In July, Mr Patel had told Parliament that the accumulated losses of the National Aviation Company of India Limited (NACIL), which runs Air India after its merger with Indian Airlines, as on March 31 this year, were likely to be in the region of Rs 7200 crore.

He said that Air India and Indian Airlines had incurred losses of Rs 541.30 crore and Rs 230.97 crore, respectively, during 2006-07 before the merger.

He said that, in 2007-08, the combined airline posted a loss of Rs. 2226 crores and during 2008-09, the expected loss is approximately Rs.5000 crores.

Prime Minister Manmohan Singh had made a special mention of the airline in his Independence Day address on August 15, saying that the government was giving careful attention to the problems of Air India and would resolve them soon.

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IAF women officers train for Everest expedition

An all-woman mountaineering team of twenty officers of the Indian Air Force (IAF) will attempt to scale Mount Everest, the world's tallest peak, in 2011.

Members of the team are currently undertaking several expeditions to prepare themselves for the challenge of climbing the 8848 metre peak.

Seven members of the team scale Mt Stok Kangri (6123 m) in Leh on August 11. Today, a 20-member team, led by Wg Cdr Bhavana Mehra, was flagged off for an expedition to Mt Bhagirathi-II (6512 m) in the Garhwal region of Uttarakhand.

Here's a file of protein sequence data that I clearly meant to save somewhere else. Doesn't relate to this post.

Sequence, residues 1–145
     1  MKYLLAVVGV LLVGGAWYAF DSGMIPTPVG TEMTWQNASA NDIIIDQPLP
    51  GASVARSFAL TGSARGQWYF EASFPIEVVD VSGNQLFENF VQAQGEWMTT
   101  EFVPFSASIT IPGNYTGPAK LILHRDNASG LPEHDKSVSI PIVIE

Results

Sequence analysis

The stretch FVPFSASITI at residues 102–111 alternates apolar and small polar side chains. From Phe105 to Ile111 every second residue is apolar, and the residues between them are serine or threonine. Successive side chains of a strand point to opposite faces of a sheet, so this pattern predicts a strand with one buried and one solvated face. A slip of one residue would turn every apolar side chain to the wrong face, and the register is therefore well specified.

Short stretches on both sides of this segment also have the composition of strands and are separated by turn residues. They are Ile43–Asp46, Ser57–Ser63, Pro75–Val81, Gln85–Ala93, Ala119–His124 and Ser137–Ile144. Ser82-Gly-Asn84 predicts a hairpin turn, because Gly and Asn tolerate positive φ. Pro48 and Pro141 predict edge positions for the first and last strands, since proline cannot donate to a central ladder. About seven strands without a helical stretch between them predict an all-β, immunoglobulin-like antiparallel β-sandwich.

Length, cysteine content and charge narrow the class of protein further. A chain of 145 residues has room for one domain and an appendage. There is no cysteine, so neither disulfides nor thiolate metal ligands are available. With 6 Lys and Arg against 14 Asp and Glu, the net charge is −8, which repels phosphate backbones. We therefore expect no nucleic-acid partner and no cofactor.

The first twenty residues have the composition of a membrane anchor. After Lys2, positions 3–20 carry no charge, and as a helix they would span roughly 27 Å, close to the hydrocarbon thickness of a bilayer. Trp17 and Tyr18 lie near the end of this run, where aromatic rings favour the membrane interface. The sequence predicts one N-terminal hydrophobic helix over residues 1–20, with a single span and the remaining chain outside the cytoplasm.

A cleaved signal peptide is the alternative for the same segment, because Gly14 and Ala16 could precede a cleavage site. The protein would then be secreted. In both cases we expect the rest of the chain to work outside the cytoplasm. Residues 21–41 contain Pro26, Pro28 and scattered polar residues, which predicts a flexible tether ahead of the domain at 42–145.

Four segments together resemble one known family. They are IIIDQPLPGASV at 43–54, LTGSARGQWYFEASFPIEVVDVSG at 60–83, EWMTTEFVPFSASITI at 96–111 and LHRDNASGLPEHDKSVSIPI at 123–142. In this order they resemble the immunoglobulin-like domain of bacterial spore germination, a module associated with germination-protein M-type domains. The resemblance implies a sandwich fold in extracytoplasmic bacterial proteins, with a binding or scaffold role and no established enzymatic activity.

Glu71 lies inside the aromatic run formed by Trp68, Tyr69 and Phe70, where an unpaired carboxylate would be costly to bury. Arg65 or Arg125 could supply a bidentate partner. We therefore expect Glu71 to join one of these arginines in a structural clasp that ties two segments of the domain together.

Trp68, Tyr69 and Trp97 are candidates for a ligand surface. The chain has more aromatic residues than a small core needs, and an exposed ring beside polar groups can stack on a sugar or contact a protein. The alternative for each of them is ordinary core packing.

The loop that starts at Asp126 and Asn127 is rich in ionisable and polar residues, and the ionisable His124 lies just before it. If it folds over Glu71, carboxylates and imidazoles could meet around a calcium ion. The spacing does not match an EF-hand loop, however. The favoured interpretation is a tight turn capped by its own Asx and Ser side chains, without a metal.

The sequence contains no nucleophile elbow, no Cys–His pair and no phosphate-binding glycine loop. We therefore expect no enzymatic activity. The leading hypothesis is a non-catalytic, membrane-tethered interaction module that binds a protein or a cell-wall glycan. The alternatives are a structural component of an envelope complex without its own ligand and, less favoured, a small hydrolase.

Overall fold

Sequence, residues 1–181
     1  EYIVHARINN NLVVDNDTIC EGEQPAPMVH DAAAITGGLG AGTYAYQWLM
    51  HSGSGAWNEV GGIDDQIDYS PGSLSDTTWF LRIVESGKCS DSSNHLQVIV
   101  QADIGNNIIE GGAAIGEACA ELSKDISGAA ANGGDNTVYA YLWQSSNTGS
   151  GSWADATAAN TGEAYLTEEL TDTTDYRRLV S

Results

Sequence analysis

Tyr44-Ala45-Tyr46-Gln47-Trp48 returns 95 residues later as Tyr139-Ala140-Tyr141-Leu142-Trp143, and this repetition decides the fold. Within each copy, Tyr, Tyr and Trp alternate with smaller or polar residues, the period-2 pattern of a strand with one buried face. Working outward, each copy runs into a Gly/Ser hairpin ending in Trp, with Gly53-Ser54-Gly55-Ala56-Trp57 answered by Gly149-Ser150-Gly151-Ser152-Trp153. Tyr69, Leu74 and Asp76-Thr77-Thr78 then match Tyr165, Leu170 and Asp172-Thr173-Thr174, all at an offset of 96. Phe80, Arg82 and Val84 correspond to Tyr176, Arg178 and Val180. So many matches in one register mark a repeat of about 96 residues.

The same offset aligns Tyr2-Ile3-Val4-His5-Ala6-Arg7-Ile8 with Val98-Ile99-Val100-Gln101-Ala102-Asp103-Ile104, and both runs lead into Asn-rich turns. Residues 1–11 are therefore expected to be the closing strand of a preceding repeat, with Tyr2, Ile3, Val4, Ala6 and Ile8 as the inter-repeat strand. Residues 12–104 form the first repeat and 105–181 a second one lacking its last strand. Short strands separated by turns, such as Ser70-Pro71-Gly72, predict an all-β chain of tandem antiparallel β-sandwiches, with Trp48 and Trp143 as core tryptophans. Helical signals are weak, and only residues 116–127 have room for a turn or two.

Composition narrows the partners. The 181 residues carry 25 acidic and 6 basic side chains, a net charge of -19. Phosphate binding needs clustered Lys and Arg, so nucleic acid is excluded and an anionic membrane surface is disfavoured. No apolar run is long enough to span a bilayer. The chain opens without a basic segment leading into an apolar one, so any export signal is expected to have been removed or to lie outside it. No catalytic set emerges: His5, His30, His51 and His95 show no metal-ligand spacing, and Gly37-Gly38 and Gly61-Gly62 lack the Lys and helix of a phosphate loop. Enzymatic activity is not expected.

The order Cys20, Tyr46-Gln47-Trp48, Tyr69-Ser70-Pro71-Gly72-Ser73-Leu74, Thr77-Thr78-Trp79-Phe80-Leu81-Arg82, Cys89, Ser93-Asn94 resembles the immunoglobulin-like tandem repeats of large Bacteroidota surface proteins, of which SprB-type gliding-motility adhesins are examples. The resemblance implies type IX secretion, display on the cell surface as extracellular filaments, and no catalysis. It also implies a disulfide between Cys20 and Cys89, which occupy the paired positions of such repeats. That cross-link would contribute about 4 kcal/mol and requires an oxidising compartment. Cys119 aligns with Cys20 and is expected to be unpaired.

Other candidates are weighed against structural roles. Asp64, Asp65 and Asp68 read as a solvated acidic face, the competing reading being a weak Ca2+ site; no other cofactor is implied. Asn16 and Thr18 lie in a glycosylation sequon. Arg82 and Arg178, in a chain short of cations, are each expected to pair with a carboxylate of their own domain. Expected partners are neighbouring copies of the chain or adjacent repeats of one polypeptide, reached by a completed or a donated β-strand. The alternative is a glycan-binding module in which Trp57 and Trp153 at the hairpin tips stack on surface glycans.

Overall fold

The core group of women officers will follow this up with expeditions to Mt Satopanth (7075 m) and Mt Kamet (7757 m) during the post-monsoon season next year.

The team will also be exposed to further higher altitudes in 2011 before setting out for Mt Everest, an official press release added.

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ESIC to set up medical college in Patna

The Employees' State Insurance Corporation (ESIC) is setting up a medical college in Patna, Bihar, at a cost of Rs 600 crore.

The foundation stone for the college was laid in Patna today by Lok Sabha Speaker Meira Kumar, who lauded the services being rendered by the ESIC to the working class of the country.

Union Labour and Employment Minister Mallikarjun Kharge said the construction of the college would be completed in two years and the first academic session would start in 2013. He also said that the ESIC would continue to improve its services to workers all over the country.

Bihar Chief Minister Nitish Kumar was the chief guest at the function.